Loving a Country That Doesn’t Love You Back: A Reading List
Wajahat Ali Recommends Books That Celebrate a Multitude of American Identities
If you’re lucky, like me, you receive numerous, unsolicited messages from strangers every day trying to help you live your best life. Even though I was born and raised in California to Pakistani-immigrant parents, I’m apparently supposed to go back to Iraq, Afghanistan, Iran, the Middle East, and India. Might as well pack my bag and give my salaams and Namaste.
What do you say to a country that you love but doesn’t love you back? An America that treats you as an invader, even when you’re a native? A nation that still sees you as a suspect two decades after the 9-11 terror attacks, but asks you to sell the American dream and the model minority myth abroad? What’s your role in its ongoing narrative when your inclusion is always conditional and subject to revocation on the turn of a dime?
I’m always looking for writers who have been able to articulate the joy, pain, hope, absurdity, dark comedy, and deep longing for this messy and hypocritical America; the one which we have tried to stretch and expand with our pens and stories. Our “economic anxiety” has never been given a proper elegy.
Children learn their place and caste in the American hierarchy through school assigned reading lists, on the streets, and on TV shows. My 6th grade, our World History teacher skipped right over the section on Islam. (Civilization was Greece, Rome, The European Renaissance, The Enlightenment, and white “founding fathers” of America.) People who looked like me or my parents weren’t the protagonists of any 80’s and 90’s movies. All we had was Apu, who was a 2-D cartoon voiced by a white man, but we took it.
We were a footnote or goofy sidekick, the punchline. Often, we are cast as the villain, the bogeyman of the day. You might know us as “the invaders,” or those who come from “shithole countries.” Nah. We’re just people trying our best to tell our stories even as people are trying to ban our books and remove our heroes from schools and libraries.
Here is a list of books that honestly and eloquently express the complexity of being a modern citizen and human in an absurd country where boundaries and identities often blur, and where our existence serves as a reminder, a resistance, a correction, and a hope for a country that can still achieve its noble aspirations by including and celebrating the rest of us who’ve always been here but never received the spotlight.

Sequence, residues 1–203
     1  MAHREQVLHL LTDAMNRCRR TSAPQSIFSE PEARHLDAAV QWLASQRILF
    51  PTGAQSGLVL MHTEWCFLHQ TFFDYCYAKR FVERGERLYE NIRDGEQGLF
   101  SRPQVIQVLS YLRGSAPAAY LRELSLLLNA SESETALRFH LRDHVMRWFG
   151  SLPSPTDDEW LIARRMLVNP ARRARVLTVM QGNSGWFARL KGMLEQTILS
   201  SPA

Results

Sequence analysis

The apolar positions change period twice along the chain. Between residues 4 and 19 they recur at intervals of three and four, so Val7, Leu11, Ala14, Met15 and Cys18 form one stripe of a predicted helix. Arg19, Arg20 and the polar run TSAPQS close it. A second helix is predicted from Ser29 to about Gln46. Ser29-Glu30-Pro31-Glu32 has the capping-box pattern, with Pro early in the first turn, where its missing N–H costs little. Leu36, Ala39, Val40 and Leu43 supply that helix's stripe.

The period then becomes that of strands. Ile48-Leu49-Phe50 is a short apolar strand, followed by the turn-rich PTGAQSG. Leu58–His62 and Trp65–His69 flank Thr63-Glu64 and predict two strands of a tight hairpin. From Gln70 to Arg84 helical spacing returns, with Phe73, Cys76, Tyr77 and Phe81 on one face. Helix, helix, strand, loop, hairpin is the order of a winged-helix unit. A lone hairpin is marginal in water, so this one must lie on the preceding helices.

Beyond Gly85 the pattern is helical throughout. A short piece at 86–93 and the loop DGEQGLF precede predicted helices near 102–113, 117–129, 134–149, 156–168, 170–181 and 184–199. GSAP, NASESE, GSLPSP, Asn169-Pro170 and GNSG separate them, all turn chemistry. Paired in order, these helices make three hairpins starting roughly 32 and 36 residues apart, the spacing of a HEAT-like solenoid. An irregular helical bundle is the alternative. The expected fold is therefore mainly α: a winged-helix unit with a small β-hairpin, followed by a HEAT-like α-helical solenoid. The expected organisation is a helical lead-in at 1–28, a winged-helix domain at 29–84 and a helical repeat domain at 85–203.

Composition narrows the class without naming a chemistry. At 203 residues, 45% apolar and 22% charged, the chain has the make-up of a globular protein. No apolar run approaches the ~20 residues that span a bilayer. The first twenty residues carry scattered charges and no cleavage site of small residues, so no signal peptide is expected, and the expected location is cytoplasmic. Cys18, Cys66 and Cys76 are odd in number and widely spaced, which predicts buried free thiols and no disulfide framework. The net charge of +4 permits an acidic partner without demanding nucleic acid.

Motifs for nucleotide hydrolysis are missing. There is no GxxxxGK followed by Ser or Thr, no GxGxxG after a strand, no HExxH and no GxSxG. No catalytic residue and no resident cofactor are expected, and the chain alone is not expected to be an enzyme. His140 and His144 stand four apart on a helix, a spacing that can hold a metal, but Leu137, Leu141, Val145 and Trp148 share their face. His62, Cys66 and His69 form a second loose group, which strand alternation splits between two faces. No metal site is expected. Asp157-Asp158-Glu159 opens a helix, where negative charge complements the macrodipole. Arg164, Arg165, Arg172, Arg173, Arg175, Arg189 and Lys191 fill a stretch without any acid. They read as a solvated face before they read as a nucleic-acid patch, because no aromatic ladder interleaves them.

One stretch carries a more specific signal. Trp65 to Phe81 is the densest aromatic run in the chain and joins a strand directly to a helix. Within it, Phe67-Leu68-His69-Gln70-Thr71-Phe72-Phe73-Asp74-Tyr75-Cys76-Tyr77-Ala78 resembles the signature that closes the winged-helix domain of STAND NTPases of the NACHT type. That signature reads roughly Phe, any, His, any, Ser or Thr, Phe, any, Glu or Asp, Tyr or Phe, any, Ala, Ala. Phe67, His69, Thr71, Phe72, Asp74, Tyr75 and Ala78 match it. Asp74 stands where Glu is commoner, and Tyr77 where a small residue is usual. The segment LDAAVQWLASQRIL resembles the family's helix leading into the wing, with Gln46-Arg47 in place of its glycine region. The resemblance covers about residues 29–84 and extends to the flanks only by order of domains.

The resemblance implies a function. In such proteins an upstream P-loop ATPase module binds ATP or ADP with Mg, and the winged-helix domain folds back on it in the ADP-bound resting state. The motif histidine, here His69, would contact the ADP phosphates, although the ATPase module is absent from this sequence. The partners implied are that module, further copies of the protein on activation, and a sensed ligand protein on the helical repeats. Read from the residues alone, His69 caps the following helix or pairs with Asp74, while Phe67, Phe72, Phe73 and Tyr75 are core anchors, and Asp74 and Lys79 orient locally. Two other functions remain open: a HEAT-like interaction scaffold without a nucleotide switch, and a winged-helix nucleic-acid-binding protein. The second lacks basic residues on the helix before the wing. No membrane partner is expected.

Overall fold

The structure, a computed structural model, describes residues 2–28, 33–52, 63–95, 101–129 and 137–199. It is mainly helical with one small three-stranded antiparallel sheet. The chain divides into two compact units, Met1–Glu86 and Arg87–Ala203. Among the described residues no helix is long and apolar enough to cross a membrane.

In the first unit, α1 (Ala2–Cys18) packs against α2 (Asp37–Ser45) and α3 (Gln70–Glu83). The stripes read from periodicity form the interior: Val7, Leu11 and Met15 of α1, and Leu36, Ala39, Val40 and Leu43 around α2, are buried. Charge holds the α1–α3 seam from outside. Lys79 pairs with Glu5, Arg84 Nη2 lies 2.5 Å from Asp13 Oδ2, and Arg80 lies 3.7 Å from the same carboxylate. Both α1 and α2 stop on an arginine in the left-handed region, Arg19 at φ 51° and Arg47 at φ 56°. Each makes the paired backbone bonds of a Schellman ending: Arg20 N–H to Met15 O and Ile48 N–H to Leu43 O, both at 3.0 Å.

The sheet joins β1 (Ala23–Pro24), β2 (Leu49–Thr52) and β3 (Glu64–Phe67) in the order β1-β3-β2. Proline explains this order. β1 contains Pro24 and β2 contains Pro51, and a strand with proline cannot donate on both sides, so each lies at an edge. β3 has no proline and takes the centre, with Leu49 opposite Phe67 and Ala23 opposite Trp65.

Thi Bui, The Best We Could Do
There will be a massive bias towards Bay Area writers, and I won’t even apologize. Bui’s elegant, touching and searing graphic novel serves as a memoir, a remembrance, an investigation, and much-needed Vietnamese perspective to a war often framed and told through the white man’s gaze. A Vietnamese American writer talking about the Vietnam War?! WHAT?! WILD!
She charts her family’s tale as refugees from the Vietnam war who eventually settle in America, but the trauma of war doesn’t end upon arriving at the shore. Bui reveals how war not only shatters countries and families, but also traumatizes generations and haunts memories. Ultimately, the act of writing her story is its own healing, and she serves as a helpful guide offering remembrance and gratitude, especially of our elders, the immigrants with the “ethnic accents” who gave up so much, so we, their children, could have a chance to taste this thing called the Amreekan Dream. (Amreeka is how my immigrant parents and many in my community sometimes refer to this country).
Tommy Orange, There There
Like Bui, Orange is also a writer from the East Bay. (I’m from Fremont, so I must represent.) His book’s also critically acclaimed and has racked up all the literary nominations and street cred. But, there’s no pretension here. No sanitized, cardboard version of the magical Native American who offers peace pipes and stoicism to an white man in need of enlightenment. There’s no John Wayne or cowboys. There’s no casinos. There’s the aftermath, the consequences of colonization, betrayal, and genocide. A people, the original Americans, who have repeatedly been outsourced to reservations or snuffed out, but they’re still here, living, in Oakland, California, meeting up at a community pow wow. There’s a panorama of perspectives told through several vignettes of characters just trying to live and get by. Some suffer from fetal alcohol syndrome, and nearly all are affected by poverty, trauma, and pain. The characters are so bruised and authentic you’re convinced Orange straight up copied them from real life, changed their names, and said, “Fiction.”